Explorer. James Sligo Jameson was the grandson of John Jameson, the founder of the famed Irish Whiskey company, and as such was one of the heirs to the family fortune. When the continent of Africa was being first explored by Europeans in the 19th century, he paid to join the Emin Pasha Relief Expedition in 1888, which was led by renowned explorer Henry Morton Stanley. This was Stanley's third trip to Africa. Crossing central Africa, the expedition had several Europeans and British soldiers in the expedition with Native Africans for guides and attendants. As an employee of the Belgium government, Stanley was contracted for a humanitarian rescue, during a civil uprising, of Dr. Pasha, a European, who became the German governor of what is now South Sudan, and Stanley was instructed to annex more land for the Belgian Free State colony in the Congo. Upon reaching the village of the Bangala Station, Stanley left with the Front Column on what he thought would be a six-month-long exploration in darkest Africa, but it was a full-year instead, leaving the Europeans and Rear Column in the village. Using Jameson's diary and interviews with others on the expedition as the source, Jameson expressed an interest in seeing cannibalism firsthand. For six handkerchiefs, Jameson allegedly had a slave trader to produce a 10-year-old Native girl, who was taken to a Manyemas village, a village known to practice cannibalism. According to the detailed diary entry, on May 11, 1888, the girl was killed and then eaten. As a non-protesting spectator, Jameson witnessed this inhuman act while drawing rough sketches, which later made six watercolor paintings. While this was happening, Stanley was not in the area, and it would be months before he returned to the village to learn of this incident. A Syrian translator Assad Farran testified that the peripatetic explorer paid African Natives a number of handkerchiefs for a young girl, which was actually considered purchasing a slave. In August before Stanley returned to the village, Jameson had died with what one account described as "hematuria fever," a type of typhoid fever, and was buried in an unmarked grave on an island in the Congo River opposite the village of Bangala Station. There was no time for arresting Jameson, giving him the opportunity to plea his innocence at trial, but worldwide public opinion did, finding him guilty. Although there was an attempt to keep this event silent from the public, the story was eventually published in the "London Times" and the "Aberdeen Journal" and subsequently excerpts, including the full text of Assad Farran's affidavit, were published in "The New York Times", by November of 1890. This would be the last private European Expedition to Africa. There were some on the expedition that sworn this did not happen, but the six watercolor paintings do document the event. Jameson's menagerie of expedition birds and insects were returned to his widow Ethel Durand Jameson by 1890, with some specimens donated to the Natural History Museum in Kensington. In 1891 his wife published Jameson's diary and some letters, with one telegram with Jameson denying purchasing the girl. Europeans on the expedition claimed Farran gave a false statement in revenge for being fired from an expedition by a British military officer named Major Edmund Musgrave Barttelot. Farran claimed that the Natives on the expedition were brutally mistreated as they were given hundreds of lashes across their back with a whip, not fed properly, and were shot if attempted to abandon the expedition. Hundreds of Natives died from malnutrition and dehydration, being abandoned in the jungle when they became ill. Barttelot was Commander of the Rear Column of the Natives carrying supplies. As the senior ranking officer, Barttelot felt he would be held responsible for Jameson's actions when a trial was held, but he was shot to death on July 19, 1888 by an angry Native before Jameson died. Later, Farran was coerced to sign a statement withdrawing the charges of undue severity made by him against Barttelot. The events of this expedition were covered in Joseph Conrad's 1899 book, "Heart of Darkness," which was not a documentary but a historical novel.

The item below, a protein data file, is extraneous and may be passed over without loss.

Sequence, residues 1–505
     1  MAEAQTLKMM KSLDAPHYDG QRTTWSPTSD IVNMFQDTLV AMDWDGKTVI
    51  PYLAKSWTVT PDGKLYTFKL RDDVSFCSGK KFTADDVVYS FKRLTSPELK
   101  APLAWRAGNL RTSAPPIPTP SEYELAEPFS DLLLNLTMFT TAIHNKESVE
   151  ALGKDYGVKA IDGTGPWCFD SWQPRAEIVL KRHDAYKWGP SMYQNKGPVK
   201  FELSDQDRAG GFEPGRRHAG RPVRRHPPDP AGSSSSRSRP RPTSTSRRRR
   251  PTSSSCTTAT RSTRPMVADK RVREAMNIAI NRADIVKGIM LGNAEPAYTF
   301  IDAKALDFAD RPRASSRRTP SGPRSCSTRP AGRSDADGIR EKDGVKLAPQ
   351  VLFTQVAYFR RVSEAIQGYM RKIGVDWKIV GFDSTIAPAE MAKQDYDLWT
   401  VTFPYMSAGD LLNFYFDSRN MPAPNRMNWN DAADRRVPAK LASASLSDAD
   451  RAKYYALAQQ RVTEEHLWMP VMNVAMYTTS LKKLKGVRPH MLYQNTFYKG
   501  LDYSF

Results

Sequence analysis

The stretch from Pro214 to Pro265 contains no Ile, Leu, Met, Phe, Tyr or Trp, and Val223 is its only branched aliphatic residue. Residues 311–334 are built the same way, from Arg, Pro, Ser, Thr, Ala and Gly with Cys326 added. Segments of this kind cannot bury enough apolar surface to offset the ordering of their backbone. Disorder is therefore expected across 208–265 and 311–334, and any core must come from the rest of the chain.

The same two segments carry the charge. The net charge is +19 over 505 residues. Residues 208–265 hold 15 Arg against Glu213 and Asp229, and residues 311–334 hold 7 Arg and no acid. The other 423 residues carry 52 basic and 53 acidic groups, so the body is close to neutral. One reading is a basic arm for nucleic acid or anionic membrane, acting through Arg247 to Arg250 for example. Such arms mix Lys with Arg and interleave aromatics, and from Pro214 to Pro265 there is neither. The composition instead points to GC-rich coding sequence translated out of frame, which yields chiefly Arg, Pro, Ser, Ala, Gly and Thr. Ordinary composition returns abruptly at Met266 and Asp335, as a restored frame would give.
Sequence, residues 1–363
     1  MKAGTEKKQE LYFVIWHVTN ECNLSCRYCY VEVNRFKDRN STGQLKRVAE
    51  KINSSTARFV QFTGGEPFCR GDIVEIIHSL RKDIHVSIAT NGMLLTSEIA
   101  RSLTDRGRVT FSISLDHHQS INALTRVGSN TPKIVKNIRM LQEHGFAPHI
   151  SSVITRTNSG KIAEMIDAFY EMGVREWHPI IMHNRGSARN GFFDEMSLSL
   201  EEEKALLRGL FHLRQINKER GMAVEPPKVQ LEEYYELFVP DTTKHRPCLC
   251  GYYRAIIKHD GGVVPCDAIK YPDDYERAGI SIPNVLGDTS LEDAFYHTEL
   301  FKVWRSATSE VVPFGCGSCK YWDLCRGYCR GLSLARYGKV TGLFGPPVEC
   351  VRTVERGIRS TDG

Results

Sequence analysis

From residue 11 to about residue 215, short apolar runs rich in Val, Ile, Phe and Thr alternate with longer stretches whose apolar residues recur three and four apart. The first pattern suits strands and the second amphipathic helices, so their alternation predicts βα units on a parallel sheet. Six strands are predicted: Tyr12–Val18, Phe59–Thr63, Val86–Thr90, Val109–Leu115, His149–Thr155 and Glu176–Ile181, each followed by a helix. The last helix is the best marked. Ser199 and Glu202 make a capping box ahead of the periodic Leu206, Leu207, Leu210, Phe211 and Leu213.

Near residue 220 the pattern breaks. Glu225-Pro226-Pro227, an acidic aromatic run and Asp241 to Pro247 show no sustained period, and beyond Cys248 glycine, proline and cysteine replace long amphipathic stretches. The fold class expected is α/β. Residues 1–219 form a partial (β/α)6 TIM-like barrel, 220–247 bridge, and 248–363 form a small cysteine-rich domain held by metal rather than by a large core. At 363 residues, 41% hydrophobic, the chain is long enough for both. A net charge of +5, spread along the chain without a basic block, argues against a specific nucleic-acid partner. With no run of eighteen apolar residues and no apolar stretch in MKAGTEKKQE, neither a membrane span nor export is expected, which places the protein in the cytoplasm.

Bio by: Linda Davis